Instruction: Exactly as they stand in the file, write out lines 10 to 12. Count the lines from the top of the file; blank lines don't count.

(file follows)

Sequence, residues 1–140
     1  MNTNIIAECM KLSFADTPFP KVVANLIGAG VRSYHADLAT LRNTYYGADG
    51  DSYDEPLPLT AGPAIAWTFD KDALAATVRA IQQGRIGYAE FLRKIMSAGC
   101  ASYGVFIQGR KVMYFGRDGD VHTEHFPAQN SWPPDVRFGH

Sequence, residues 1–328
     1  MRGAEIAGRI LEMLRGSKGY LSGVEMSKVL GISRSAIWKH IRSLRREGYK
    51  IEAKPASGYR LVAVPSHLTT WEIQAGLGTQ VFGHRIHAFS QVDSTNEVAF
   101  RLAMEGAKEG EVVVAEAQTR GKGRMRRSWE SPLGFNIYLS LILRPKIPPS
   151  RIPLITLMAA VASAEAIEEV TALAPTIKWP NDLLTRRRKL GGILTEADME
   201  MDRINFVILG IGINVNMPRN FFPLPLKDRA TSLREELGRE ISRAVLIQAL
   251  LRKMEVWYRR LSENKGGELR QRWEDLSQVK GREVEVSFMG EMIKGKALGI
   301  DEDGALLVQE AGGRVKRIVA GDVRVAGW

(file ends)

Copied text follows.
   201  MDRINFVILG IGINVNMPRN FFPLPLKDRA TSLREELGRE ISRAVLIQAL
   251  LRKMEVWYRR LSENKGGELR QRWEDLSQVK GREVEVSFMG EMIKGKALGI
   301  DEDGALLVQE AGGRVKRIVA GDVRVAGW